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When the AI Professor Leaves, Students Suffer, Study Says

By The New York Times

September 10, 2019

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A study by researchers from the University of Rochester found an exodus of artificial intelligence (AI) professors from North American universities to the private sector has reduced the prospect that graduate students will found new AI companies. Those graduates who did start a company usually attracted less venture capital, with the field of deep learning especially affected, according to "Artificial Intelligence, Human Capital, and Innovation," by Michael Gofman and Zhao Jin.

This academic attrition could hinder innovation and economic expansion over time, the researchers suggest.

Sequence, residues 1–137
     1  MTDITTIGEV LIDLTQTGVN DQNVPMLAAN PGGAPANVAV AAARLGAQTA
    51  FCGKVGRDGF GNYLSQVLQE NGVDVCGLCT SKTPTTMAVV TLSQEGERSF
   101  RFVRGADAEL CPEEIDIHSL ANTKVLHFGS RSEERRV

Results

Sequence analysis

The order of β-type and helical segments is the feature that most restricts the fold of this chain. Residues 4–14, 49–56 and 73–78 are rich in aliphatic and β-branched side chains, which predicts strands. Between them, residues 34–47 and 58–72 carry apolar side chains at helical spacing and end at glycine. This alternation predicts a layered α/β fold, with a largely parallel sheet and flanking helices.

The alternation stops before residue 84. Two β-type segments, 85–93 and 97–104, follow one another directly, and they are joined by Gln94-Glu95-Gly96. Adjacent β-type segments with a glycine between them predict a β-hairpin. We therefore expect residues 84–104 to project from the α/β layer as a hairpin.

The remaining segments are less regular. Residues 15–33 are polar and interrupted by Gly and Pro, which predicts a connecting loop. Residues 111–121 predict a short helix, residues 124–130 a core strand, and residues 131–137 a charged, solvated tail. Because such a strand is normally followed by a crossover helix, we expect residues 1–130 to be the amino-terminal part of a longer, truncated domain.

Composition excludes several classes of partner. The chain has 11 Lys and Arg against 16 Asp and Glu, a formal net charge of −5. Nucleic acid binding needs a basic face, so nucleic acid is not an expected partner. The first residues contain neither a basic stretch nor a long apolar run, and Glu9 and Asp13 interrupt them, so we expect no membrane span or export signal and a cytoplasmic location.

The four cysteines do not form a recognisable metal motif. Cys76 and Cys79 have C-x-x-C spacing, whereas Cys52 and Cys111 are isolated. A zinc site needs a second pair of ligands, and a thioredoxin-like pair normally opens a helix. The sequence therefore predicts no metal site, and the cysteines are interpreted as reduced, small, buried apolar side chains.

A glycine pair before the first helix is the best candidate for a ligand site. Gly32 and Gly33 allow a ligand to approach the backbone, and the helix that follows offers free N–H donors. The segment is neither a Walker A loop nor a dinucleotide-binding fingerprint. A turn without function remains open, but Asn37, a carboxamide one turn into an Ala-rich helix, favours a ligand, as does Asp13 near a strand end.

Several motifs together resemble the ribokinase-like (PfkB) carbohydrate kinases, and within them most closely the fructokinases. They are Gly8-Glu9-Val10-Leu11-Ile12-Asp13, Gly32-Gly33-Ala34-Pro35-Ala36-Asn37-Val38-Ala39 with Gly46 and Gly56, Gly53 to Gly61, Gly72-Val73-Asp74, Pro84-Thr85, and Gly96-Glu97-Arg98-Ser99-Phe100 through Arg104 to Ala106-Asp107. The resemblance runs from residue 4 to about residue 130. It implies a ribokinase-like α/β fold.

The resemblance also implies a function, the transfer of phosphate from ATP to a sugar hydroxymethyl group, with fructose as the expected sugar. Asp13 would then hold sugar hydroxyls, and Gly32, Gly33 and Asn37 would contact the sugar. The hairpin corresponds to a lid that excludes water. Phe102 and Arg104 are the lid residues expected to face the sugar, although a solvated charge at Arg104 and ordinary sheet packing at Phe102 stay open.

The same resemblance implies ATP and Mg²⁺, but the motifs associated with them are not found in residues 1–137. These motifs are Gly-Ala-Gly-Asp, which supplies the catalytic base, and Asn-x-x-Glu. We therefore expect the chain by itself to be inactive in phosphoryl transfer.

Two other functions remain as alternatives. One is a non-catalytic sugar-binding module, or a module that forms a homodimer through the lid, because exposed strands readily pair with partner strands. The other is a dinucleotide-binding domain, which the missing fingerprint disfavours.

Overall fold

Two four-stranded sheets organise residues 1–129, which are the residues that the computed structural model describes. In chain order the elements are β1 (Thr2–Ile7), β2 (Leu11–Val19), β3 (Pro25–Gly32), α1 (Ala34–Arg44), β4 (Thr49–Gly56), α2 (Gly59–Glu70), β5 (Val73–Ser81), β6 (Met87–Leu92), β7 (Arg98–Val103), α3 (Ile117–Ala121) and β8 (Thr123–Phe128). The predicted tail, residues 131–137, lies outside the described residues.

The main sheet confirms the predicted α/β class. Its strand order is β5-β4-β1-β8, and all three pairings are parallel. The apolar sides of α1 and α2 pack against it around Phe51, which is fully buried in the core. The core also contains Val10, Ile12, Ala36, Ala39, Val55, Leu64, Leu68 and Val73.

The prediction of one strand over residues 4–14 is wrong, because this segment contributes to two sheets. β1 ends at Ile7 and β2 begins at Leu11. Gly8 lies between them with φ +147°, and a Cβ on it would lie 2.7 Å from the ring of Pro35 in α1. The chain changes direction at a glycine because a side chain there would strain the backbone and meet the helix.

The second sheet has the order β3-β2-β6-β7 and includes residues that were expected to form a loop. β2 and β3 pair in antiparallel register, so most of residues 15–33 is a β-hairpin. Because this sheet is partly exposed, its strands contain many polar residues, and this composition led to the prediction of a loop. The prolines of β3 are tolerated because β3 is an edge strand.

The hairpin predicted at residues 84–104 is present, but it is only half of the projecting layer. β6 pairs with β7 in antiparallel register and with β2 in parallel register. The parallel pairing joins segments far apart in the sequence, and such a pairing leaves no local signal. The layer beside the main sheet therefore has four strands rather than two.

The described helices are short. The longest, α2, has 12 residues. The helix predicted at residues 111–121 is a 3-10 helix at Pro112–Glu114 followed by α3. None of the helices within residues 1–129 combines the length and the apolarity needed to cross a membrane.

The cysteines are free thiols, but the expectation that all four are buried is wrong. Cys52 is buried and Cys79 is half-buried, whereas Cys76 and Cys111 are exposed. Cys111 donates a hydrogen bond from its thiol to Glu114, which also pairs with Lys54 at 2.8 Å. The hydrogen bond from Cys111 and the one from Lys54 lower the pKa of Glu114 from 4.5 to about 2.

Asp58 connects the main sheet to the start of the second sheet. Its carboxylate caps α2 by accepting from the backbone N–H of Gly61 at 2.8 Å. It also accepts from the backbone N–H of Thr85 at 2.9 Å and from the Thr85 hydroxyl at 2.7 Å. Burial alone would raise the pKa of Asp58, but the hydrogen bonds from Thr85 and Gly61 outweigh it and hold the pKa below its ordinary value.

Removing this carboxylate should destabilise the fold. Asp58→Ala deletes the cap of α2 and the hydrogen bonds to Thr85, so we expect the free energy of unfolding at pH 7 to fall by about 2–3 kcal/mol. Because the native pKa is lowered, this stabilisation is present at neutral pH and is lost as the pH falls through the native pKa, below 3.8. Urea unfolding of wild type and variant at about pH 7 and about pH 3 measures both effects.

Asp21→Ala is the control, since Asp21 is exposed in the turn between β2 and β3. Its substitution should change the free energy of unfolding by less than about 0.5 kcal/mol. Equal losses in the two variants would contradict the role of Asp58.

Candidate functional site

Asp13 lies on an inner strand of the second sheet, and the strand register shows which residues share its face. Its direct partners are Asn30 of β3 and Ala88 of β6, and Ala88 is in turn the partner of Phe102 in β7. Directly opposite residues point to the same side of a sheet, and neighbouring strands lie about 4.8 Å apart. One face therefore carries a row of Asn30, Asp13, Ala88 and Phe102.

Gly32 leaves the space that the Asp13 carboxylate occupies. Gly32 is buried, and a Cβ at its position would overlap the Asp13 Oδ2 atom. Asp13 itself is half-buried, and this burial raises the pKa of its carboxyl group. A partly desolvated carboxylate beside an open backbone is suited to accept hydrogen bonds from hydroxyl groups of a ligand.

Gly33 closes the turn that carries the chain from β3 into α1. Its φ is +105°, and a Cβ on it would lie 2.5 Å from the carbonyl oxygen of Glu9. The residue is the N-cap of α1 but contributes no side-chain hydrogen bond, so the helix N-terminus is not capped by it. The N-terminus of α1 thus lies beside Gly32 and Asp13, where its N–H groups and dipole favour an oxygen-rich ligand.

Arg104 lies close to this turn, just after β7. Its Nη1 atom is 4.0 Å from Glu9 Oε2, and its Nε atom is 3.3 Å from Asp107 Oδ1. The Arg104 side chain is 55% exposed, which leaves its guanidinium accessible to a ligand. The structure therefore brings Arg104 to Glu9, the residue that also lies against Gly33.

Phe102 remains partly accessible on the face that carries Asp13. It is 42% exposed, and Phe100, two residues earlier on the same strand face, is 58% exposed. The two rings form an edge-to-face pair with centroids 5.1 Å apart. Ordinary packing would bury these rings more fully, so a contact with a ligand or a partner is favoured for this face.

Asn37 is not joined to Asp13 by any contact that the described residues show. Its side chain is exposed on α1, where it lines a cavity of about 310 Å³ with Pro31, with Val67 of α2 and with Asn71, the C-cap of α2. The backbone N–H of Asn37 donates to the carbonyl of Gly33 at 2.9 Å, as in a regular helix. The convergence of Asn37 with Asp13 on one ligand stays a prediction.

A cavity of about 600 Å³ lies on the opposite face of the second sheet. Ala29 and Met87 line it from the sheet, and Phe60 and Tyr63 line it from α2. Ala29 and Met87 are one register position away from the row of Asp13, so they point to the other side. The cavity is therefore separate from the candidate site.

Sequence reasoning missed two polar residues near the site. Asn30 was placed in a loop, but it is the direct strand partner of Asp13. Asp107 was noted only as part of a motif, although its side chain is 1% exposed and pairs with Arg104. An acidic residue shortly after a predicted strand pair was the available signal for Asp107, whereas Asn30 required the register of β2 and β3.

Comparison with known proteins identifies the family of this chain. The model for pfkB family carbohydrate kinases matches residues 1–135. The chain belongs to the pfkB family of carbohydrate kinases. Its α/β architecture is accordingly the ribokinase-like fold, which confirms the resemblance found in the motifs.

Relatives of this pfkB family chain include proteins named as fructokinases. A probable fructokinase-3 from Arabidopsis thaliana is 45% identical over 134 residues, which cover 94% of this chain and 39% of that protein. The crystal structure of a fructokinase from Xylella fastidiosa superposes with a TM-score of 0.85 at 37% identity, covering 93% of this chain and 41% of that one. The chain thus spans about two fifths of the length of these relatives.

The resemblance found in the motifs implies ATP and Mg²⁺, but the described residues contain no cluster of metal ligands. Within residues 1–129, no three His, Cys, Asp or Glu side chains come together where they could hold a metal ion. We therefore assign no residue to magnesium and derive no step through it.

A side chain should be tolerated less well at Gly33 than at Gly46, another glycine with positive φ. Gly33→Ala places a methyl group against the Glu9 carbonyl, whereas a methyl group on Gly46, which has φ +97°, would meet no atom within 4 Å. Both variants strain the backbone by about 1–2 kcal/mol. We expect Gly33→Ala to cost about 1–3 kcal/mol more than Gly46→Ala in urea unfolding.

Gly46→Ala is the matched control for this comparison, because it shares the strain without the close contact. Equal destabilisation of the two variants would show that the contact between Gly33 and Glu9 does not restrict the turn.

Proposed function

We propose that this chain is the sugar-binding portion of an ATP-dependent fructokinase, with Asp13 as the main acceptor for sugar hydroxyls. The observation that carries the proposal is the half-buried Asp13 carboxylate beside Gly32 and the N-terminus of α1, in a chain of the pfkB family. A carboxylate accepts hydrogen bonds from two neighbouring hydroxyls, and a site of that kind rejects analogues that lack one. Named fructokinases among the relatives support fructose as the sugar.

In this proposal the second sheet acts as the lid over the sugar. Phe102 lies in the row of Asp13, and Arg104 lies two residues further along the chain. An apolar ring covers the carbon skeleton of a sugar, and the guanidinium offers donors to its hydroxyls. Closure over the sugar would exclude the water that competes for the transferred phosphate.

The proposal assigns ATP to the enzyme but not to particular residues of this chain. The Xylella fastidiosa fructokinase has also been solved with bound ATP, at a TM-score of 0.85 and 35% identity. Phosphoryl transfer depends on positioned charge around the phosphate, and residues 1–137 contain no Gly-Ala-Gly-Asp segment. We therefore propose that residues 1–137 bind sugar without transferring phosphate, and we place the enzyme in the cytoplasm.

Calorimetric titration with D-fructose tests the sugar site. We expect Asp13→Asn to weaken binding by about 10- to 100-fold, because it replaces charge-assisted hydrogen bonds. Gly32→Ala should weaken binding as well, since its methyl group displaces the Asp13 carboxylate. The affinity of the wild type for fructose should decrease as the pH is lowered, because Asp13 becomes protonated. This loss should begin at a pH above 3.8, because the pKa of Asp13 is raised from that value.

The technology industry mostly ignored deep learning's potential until 2010, but interest grew as the Internet produced more data and new computer chips reduced the analytical burden. Large tech companies have hired many academic specialists, including two recent recipients of the ACM A.M. Turing Award honored for their work on neural networks.

"If industry keeps hiring the cutting-edge scholars, who will train the next generation of innovators in artificial intelligence?," says Ariel Procaccia of Carnegie Mellon University.

From The New York Times
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Abstracts Copyright © 2019 SmithBucklin, Washington, DC, USA

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